You should also formalise the process of chasing late payments and making sure your debtor book is up to date. Taking steps such as charging interest on late payments and offering discounts for early payments can help to increase the likelihood that payments will be made on time.
5. Invoice Quickly and Accurately
Some of the common causes of cashflow problems are out of the hands of your business. Yes, you can reduce the risks, but if a customer decides they aren’t going to pay, your only option is to take legal action, which will take time and leave you out of pocket in the meantime. However, sending out invoices quickly and accurately is one part of the process you have complete control over.
6. Free up Assets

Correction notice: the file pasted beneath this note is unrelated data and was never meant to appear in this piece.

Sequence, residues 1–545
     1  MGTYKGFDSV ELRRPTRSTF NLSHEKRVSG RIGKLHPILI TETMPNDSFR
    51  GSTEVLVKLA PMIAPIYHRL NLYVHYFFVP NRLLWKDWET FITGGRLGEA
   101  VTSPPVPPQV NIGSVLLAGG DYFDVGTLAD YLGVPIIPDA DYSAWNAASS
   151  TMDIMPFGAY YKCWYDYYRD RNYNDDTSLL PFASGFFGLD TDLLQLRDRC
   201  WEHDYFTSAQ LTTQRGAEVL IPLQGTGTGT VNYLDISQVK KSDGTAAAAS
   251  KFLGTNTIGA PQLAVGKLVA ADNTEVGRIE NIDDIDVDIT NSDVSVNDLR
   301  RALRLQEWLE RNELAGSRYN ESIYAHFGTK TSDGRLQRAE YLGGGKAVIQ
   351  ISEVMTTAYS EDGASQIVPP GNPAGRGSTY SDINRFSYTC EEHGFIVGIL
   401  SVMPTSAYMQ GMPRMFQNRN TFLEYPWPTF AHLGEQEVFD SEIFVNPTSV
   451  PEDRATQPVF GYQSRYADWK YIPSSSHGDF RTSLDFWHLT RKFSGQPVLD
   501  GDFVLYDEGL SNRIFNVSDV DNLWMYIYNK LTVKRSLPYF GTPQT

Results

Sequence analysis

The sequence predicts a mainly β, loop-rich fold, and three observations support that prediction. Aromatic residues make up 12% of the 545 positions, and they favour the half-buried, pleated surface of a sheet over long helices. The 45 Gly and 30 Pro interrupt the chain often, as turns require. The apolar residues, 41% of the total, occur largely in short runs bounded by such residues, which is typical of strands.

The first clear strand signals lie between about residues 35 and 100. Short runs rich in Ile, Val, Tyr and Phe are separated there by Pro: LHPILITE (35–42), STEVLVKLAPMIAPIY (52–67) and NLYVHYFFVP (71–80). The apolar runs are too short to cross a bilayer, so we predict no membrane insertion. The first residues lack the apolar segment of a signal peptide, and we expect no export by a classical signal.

Is your business asset-rich but cash-poor? In that case, looking critically at some of the assets your business owns and selling those that aren’t absolutely essential to running your business could be an easy, although not necessarily quick, way of increasing your working capital. If you’d prefer not to sell a business asset, leasing it out could bring in additional income while allowing you to retain ownership.
If you’re experiencing regular cashflow problems that are making it difficult to make payments when they’re due, your business could be on the brink of insolvency. In this case, immediate professional assistance from a licensed insolvency practitioner is advised before it’s too late. Once your business is insolvent, you must legally prioritise the interests of your creditors, which completely alters your freedom to take action.
Then get in touch with our team of turnaround practitioners today. We will provide a free, no-obligation consultation to help you solve your company’s cash flow problems.
Cash Flow Problem FAQs
What types of outside funding can a company seek to overcome cash flow problems?
Types of outside funding a company can seek to overcome cash flow problems include loans, lines of credit, crowdfunding, and investment from angel investors or venture capitalists.